“Community colleges have a strong track record of improving students’ financial stability, particularly in career and technical education,” says Booth. “They represent the major avenue that disadvantaged people have to get to a living wage. And the LaunchBoard is helping document exactly which colleges — and which programs at those colleges — are most successful in promoting students’ economic mobility.”

Aggregating data from multiple sources. The LaunchBoard provides community college practitioners — from administrators to counselors to faculty — with a range of powerful information to help them understand and improve the outcomes of students in career and technical education programs, says Booth. The data are gleaned from a variety of sources, including demographics and coursework details from community colleges, adult education institutions, and K–12 school districts; employment and earnings trends from the California Employment Development Department; self-reported work histories from students; and labor market data on regional job markets. Users can access and view all of the information from an online dashboard, acquiring a snapshot of students’ progress through specific career and technical education programs and the workforce.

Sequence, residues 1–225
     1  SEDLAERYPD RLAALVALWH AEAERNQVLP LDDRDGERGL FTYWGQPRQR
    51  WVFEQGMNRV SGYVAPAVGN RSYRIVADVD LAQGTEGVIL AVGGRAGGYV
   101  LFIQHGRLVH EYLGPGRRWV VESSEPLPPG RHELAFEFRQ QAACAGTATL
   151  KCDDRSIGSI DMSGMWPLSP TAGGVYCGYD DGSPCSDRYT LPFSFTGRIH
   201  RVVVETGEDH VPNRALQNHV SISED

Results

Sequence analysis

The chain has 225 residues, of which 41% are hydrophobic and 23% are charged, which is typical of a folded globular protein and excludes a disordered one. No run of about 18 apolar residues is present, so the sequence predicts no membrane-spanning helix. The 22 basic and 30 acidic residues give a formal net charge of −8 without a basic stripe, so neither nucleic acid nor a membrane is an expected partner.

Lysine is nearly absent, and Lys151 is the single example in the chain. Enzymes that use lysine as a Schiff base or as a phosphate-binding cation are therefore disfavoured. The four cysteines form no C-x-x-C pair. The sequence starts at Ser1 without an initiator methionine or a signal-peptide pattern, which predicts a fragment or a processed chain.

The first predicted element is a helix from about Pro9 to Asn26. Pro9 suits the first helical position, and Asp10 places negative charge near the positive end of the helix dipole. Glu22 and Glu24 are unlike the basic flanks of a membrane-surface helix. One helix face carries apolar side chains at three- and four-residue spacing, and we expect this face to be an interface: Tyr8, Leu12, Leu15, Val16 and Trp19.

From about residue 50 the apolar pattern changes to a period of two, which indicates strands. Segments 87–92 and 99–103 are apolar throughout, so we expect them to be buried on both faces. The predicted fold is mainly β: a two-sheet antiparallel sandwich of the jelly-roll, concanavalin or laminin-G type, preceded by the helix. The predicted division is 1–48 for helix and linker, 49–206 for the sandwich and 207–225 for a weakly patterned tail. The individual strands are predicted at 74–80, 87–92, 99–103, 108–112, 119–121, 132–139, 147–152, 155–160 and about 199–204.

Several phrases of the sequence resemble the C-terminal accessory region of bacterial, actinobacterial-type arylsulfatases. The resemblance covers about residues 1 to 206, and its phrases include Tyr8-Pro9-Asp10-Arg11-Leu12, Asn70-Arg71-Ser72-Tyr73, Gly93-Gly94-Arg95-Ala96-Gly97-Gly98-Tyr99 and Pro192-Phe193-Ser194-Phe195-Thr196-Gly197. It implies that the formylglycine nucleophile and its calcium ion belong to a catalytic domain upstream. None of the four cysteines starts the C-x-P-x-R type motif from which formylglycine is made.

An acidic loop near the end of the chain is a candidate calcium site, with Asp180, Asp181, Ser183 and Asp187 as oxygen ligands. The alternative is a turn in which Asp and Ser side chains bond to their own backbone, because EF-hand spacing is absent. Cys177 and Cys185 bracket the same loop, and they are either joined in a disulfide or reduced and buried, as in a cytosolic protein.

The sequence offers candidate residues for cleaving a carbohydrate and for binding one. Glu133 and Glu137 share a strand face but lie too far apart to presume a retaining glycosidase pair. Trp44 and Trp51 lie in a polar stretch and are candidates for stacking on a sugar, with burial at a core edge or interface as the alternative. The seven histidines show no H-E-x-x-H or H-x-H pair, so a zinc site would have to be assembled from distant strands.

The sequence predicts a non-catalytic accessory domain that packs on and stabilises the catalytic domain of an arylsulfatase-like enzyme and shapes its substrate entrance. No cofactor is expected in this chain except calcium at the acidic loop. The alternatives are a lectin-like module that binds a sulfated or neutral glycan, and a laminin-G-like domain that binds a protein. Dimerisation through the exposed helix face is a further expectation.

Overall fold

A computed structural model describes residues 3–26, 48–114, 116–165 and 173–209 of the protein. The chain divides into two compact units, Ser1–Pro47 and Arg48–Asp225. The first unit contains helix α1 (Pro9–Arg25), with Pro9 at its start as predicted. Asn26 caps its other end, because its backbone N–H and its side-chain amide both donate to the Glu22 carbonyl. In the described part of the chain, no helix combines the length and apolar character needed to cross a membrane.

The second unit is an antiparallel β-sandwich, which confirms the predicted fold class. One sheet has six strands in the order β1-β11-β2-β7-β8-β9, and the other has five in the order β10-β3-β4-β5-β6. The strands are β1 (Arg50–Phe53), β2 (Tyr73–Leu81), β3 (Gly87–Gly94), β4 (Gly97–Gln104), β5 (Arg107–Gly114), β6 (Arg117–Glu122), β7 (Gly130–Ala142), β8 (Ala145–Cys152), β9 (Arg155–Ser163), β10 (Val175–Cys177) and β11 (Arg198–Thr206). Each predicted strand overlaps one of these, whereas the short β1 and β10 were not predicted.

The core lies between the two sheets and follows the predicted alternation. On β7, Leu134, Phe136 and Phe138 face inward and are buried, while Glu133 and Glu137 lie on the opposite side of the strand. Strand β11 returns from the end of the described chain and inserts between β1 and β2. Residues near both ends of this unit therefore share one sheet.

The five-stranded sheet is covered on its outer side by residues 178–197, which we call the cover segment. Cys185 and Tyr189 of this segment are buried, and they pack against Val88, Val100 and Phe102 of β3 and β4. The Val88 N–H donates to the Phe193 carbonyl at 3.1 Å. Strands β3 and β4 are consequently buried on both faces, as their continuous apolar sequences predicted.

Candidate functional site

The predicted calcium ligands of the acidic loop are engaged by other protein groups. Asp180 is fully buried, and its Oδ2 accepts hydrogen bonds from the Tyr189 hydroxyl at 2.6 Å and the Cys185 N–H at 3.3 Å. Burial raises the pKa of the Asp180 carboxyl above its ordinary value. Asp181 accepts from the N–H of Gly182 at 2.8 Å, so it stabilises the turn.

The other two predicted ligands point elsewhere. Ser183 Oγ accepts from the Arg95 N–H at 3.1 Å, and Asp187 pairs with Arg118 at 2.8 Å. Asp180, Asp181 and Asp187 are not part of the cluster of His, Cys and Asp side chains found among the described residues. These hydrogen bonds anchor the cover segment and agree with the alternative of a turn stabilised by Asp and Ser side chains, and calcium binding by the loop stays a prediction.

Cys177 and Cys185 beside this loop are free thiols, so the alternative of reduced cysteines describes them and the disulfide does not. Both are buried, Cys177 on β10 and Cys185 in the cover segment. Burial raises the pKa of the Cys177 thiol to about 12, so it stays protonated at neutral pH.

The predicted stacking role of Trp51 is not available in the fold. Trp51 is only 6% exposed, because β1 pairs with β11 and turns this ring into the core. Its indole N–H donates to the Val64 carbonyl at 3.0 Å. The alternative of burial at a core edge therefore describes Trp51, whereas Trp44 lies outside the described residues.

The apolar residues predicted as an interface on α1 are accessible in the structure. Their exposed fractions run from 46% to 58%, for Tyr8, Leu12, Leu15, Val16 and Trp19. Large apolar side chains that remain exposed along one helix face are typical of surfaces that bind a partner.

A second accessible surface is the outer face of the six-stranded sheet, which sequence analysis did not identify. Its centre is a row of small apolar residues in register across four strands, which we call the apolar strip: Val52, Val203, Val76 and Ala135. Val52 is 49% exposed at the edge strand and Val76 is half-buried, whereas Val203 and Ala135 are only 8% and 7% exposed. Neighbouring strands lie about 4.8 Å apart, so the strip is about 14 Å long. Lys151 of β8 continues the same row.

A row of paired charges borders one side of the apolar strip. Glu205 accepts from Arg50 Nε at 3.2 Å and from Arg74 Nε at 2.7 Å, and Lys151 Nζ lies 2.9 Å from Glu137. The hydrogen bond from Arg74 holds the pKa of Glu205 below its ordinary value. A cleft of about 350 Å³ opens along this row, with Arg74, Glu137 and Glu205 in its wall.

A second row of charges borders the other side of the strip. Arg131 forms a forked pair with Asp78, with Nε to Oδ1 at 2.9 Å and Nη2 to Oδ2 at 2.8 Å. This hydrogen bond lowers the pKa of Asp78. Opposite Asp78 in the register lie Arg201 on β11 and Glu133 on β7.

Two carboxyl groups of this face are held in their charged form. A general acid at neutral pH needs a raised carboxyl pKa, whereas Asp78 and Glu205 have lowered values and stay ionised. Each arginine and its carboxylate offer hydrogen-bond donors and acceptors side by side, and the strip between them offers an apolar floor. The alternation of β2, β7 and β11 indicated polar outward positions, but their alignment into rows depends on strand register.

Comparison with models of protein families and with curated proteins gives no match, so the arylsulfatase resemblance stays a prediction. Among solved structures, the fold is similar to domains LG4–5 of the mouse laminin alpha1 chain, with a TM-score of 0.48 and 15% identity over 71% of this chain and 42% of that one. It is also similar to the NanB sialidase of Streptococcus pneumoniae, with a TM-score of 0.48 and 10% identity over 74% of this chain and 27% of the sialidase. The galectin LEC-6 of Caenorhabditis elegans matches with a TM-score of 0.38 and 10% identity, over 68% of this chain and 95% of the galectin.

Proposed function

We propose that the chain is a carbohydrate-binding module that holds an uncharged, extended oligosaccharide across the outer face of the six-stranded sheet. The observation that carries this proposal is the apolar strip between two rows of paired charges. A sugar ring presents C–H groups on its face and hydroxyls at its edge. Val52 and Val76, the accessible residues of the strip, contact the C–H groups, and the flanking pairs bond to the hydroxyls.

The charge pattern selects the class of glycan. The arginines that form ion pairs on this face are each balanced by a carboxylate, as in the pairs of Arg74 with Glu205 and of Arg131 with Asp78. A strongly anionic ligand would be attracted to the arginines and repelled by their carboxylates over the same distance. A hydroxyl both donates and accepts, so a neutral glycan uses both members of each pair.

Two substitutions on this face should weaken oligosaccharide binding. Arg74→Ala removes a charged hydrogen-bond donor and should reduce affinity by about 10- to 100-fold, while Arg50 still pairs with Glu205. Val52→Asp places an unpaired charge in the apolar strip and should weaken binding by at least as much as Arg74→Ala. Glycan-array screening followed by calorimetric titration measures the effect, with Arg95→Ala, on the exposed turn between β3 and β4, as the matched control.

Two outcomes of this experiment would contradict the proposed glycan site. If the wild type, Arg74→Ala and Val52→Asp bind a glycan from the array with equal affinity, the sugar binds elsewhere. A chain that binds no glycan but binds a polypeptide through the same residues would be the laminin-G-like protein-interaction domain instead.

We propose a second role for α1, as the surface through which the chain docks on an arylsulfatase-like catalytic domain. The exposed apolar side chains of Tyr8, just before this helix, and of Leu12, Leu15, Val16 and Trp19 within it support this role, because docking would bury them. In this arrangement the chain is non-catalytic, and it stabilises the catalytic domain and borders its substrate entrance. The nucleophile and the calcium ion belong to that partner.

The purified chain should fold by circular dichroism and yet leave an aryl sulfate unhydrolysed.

“There’s no way a community college could pull together all that information on its own,” says Booth, “let alone in a format that helps educators understand whether a program is succeeding or needs to be improved.”

The LaunchBoard can reveal, for example, how much students’ earnings increased after attending college and whether students have attained the regional living wage. It also visualizes equity gaps — by age, gender, and ethnicity — related to enrollment, certificate or degree attainment, and earnings gains. Such data can be procured for a specific region or the entire state and, notes Booth, the data are presented in a straightforward format accessible even to faculty or staff who may not be comfortable or skilled in sifting through data online.

“It makes our students’ outcomes visible. And having that visibility enables our colleges — both individually and collectively — to get better.”

The system can also be customized to examine overall outcomes at an institution; evaluate all programs associated with a specific sector, such as health or public services; or zero in on individual programs. College personnel, for example, can learn why their students stop taking courses or how satisfied students are with their education experience. Personnel can also determine if students who are not pursuing a degree or certificate, but instead taking a cluster of courses in a certain area, are benefiting from the experience.

With that kind of data, notes Booth, practitioners at a college in the Central Valley, for example, can see how many of their graduates in nursing are getting jobs in the field, how much money they are making, and how many nurses are going to be needed in the area in the coming years. “They can then use that information to compare their results to those of other area colleges and to make any necessary updates to their program for the future,” says Booth.